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GOP divide in the 5th Congressional District

by Joe Arnold


Posted on February 9, 2010 at 4:00 PM

Updated Tuesday, Feb 9 at 4:22 PM

After reading on the WHAS11 Political Blog that Rand Paul was not invited to the Pulaski County Lincoln Day dinner, the Republican Party chairman in neighboring Laurel County let me know that Paul is not only welcome at their event, but is credited with bringing new energy to the local party.

And, Bryan Mills says Laurel County now boasts 28,171 registered Republicans, 34 more than Pulaski County's 28,137 registered Republicans

Mills says Trey Grayson, Rand Paul and Bill Johnson have all confirmed for the April 17 Republican Dinner.

"Although I must be neutral in the primary,  I just wanted you to know that his views of limited government are well received in the largest Republican county in the Fifth Congressional District, and that is Laurel County," Mills said.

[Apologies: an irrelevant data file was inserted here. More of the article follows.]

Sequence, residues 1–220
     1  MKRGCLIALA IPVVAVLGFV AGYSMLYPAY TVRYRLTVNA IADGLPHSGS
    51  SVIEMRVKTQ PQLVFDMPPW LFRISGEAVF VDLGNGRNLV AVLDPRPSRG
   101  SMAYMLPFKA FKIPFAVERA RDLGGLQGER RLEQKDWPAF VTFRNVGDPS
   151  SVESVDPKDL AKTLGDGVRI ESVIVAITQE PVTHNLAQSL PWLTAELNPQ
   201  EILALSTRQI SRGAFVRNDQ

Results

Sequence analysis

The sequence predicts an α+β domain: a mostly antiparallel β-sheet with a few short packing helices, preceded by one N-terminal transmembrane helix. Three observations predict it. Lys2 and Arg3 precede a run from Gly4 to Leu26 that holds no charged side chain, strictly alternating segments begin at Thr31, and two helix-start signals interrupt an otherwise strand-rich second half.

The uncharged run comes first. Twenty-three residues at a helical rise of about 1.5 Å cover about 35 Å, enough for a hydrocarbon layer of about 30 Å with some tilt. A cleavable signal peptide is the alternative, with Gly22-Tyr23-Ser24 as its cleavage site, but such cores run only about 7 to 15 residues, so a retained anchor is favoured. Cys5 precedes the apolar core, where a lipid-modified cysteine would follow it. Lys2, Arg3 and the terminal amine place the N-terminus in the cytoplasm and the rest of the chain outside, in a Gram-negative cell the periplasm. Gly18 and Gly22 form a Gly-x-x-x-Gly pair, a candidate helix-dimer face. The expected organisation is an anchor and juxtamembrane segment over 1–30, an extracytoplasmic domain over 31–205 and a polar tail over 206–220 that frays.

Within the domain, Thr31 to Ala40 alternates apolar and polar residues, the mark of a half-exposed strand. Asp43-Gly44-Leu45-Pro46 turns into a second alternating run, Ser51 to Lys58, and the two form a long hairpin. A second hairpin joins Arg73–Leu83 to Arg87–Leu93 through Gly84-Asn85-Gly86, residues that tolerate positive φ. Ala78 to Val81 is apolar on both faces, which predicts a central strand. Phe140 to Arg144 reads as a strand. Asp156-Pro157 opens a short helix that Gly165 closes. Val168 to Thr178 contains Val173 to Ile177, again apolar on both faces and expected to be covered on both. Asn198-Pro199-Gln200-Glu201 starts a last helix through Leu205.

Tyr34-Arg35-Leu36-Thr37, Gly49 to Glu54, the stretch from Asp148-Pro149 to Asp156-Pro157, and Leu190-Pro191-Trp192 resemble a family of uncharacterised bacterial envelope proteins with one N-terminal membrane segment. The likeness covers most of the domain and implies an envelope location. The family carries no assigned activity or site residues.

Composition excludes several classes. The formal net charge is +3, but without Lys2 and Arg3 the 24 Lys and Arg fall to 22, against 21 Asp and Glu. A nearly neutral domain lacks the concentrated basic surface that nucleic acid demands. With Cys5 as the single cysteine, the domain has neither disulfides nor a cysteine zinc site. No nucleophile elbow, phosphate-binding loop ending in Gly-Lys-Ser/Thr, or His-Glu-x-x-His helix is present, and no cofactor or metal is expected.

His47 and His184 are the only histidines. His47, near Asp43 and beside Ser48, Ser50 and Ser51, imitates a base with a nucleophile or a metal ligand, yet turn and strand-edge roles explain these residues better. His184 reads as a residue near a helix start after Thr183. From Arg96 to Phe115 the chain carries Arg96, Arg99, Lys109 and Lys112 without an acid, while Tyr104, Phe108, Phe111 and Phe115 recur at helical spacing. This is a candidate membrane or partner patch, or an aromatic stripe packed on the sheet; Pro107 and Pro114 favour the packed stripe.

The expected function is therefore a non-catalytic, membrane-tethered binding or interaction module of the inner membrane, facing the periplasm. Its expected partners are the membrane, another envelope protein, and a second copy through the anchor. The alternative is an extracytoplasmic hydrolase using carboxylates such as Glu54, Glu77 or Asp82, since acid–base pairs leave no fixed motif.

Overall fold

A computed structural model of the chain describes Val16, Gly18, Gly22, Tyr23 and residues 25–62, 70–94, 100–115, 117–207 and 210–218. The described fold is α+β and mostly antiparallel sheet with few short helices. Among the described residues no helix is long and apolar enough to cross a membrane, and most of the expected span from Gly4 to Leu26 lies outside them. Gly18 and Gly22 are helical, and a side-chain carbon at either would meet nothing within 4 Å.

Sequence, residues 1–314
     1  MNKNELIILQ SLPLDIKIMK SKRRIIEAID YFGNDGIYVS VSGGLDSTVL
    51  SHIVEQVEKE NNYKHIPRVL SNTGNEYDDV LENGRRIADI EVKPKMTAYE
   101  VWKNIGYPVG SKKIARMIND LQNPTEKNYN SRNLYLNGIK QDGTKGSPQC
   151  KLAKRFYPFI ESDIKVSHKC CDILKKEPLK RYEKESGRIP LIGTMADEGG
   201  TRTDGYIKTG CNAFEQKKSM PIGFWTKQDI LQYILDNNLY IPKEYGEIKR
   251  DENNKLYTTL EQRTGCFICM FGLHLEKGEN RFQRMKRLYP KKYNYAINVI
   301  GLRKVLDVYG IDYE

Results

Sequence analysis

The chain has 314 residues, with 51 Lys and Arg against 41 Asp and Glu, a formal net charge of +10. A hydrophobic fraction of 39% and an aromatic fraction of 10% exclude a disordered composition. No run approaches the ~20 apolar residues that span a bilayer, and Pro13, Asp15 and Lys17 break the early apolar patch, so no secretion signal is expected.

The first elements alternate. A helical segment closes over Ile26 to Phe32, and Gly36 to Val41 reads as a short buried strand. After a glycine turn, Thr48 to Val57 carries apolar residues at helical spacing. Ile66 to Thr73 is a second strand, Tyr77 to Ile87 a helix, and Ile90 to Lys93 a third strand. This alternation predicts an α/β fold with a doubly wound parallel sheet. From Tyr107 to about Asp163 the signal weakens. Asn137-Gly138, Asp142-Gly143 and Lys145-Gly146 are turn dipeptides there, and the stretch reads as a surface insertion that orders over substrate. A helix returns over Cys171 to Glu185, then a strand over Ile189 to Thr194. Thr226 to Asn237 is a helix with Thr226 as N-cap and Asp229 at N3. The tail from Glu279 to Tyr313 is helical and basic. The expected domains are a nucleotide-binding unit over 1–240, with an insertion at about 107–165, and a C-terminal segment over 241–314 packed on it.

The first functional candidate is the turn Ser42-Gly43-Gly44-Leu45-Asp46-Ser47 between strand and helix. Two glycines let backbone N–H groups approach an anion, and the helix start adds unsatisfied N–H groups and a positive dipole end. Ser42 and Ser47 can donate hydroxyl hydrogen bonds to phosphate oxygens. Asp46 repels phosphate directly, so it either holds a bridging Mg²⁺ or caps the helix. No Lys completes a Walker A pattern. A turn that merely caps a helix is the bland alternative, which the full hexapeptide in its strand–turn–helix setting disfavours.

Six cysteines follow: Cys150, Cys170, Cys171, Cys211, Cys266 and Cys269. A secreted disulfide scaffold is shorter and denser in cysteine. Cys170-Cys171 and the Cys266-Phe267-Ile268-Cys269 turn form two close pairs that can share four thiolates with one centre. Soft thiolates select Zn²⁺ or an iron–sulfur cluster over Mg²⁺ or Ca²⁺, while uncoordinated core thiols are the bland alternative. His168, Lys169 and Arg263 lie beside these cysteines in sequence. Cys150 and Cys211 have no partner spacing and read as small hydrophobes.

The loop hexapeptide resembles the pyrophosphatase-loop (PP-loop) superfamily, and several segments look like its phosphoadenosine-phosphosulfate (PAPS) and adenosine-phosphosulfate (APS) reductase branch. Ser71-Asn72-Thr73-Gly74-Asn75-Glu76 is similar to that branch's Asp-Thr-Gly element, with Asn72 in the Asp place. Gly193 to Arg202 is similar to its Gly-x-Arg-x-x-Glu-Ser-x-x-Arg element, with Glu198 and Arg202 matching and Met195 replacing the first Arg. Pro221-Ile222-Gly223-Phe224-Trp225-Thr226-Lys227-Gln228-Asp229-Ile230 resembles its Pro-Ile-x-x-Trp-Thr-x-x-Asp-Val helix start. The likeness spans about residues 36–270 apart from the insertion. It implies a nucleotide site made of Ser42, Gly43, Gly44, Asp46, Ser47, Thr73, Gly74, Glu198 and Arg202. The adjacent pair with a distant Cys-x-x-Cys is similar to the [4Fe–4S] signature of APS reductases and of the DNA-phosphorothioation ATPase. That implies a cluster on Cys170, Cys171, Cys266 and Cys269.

And, the Grayson campaign would be wise to listen to Mills' view of the race.

"This time last year I was introducing Trey Grayson at a fundraiser; I did not think Rand Paul had a chance," Mills said, saying the "elephant in the room" among establishment Kentucky Republicans today is that Paul is a viable candidate. 

"A lot of Republicans want to view him as a fringe candidate.  He could have some beliefs from his father (former Libertarian presidential candidate Congressman Ron Paul [R-TX]) , but more conservative than many establishment Republicans."

Mills, who says he began his GOP involvement during the 1994 Republican Revolution, says "there's kind of a momentum building up I haven't seen in my brief political lifetime."

He says the energy is coming from the Tea Party mindset of limited government, "a lot of individuals, people who would not turn out for regular GOP events, but do show up to change the status quo."

While "maybe 20 people" would show up for an event with Congressman Hal Rogers or Secretary of State Trey Grayson, 50 to 75 people attend a Rand Paul event, Mills said, adding that he has heard a lot from the "new folks," encouraged that they have a choice in the primary, and are not being told who nominee is.

"They can change things from the inside, but they have no interest in supporting the Republican party apparatus," Mills said.   

And some of that party apparatus is equally suspicious of the newcomers, especially long time party activists, Mills said.